- In high-income countries (HIC), reductions in the age-standardised incidence of stroke (decrease 12%), premature death rates (37%), and illness and disability rates (36%) over the last two decades probably reflect improved education, prevention and care (eg, smoking cessation, control of blood pressure, acute stroke units), and diagnosis.
- In LMIC, the opposite is true, stroke claims more lives (42% higher mortality) and is associated with more disability and illness (46% greater) than in HIC. This is in part because of a rise in the prevalence of risk factors involving unhealthy diet, high blood pressure, obesity, physical inactivity, and smoking in these countries.
- Overall findings showed striking differences in stroke burden between world regions and national income levels, with up to ten times as many stroke deaths and overall illness and disability between the most affected LIMC countries in eastern Europe, sub-Saharan Africa, and south and east Asia compared with the least affected HIC countries in western Europe, Australasia, and North America. For more detailed findings for each country in all regions see Lancet Article figures 1-4 and appendix.
According to Professor Feigin, "This is the first study to compare incidence and impacts of stroke between countries on a global scale. Now every country in the world has estimates of their stroke burden, based on the best available evidence. The worldwide stroke burden is growing very fast and there is now an urgent need for culturally acceptable and affordable stroke prevention, management and rehabilitation strategies to be developed and implemented worldwide."
Writing in a linked Comment published in The Lancet, Maurice Giroud, Agnes Jacquin, and Yannick Béjot from the University of Burgundy in France say, "Despite some improvements in stroke prevention and management in high-income countries, the growth and ageing of the global population is leading to a rise in the number of young and old patients with stroke. Urgent preventive measures and acute stroke care should be promoted in low-income and middle-income countries, and the provision of chronic stroke care should be developed worldwide."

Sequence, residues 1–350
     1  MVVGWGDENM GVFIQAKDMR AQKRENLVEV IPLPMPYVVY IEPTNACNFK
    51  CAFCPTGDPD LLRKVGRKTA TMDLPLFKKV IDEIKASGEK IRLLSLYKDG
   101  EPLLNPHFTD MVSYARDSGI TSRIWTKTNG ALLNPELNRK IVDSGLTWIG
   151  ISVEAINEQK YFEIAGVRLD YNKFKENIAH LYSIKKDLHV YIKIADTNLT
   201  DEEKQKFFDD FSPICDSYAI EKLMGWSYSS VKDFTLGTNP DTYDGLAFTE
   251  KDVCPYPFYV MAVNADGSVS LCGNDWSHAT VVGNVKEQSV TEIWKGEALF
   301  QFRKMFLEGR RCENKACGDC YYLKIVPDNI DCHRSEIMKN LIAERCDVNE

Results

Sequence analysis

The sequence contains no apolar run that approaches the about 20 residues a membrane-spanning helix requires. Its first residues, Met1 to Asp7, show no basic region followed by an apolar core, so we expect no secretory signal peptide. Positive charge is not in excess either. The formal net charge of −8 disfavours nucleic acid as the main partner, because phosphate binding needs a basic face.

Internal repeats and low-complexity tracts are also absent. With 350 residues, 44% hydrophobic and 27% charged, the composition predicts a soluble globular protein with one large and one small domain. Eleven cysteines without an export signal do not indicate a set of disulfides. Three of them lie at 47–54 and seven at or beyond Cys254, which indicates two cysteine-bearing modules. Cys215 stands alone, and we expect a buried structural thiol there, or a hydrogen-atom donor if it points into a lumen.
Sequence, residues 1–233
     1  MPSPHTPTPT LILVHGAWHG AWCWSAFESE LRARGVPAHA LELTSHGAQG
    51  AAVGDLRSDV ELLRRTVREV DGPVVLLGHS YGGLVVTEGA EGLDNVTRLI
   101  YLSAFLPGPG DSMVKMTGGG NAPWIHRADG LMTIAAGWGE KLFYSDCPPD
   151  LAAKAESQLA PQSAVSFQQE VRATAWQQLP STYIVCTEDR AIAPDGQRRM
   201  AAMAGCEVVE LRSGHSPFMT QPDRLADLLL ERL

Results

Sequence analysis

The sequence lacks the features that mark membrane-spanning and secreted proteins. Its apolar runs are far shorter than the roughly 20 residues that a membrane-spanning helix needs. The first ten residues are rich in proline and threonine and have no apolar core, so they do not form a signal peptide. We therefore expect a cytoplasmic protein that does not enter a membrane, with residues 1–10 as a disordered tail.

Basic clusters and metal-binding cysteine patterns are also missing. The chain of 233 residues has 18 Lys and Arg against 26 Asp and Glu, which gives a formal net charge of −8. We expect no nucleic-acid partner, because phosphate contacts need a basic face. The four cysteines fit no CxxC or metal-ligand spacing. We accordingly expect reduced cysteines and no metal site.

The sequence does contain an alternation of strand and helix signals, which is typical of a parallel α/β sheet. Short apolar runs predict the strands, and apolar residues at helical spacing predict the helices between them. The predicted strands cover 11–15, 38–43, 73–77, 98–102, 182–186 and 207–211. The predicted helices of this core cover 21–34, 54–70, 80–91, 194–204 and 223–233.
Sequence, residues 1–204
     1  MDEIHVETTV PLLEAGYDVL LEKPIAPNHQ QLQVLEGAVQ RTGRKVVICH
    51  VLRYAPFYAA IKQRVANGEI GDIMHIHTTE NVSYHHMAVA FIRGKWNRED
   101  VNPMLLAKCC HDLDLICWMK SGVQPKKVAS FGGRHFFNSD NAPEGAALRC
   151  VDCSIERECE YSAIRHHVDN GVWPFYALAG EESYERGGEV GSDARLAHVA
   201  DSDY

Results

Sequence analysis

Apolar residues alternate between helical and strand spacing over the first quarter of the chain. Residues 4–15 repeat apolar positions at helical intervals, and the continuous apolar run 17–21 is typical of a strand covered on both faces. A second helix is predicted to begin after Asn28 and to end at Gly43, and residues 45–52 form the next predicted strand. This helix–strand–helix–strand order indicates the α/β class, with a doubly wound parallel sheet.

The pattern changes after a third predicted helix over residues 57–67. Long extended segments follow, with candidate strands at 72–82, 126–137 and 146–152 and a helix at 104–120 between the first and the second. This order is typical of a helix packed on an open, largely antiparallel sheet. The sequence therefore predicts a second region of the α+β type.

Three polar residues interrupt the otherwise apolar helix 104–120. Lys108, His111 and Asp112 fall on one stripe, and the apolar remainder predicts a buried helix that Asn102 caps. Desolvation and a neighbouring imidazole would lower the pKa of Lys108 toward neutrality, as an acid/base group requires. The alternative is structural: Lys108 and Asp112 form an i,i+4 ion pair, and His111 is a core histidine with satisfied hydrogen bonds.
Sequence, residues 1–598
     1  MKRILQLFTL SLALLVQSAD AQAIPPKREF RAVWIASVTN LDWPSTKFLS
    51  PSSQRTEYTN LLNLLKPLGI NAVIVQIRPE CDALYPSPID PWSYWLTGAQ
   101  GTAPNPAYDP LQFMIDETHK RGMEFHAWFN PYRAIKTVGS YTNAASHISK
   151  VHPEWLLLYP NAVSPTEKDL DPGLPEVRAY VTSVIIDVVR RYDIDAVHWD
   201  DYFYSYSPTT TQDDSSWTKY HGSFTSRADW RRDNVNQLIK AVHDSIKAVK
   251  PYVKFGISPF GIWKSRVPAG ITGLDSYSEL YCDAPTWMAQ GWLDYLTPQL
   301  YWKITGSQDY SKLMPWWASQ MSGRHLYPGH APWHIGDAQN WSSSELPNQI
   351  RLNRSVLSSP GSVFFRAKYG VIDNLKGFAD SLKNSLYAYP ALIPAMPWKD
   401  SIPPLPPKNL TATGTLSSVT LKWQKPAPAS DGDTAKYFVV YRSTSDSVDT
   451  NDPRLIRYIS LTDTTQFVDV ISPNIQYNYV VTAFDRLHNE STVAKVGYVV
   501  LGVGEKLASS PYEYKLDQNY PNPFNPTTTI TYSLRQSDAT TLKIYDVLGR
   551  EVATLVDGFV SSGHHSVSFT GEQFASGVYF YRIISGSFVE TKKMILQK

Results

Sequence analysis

In a second Comment published in The Lancet Global Health, Graeme J Hankey from the University of Western Australia writes, "Key priorities in the quest to reduce the global and regional burden of stroke are prevention of haemorrhagic stroke, particularly in low-income and middle-income countries, and in people younger than 75 years… Population-based mass strategies to reduce consumption of salt, calories, alcohol, and tobacco by improving education and the environment will complement high-risk strategies of identifying those at risk of haemorrhagic (and ischaemic) stroke, thus empowering these individuals to improve their lifestyle behaviours and, if necessary, lower their mean blood pressure and blood pressure variability with appropriate doses of antihypertensive drugs."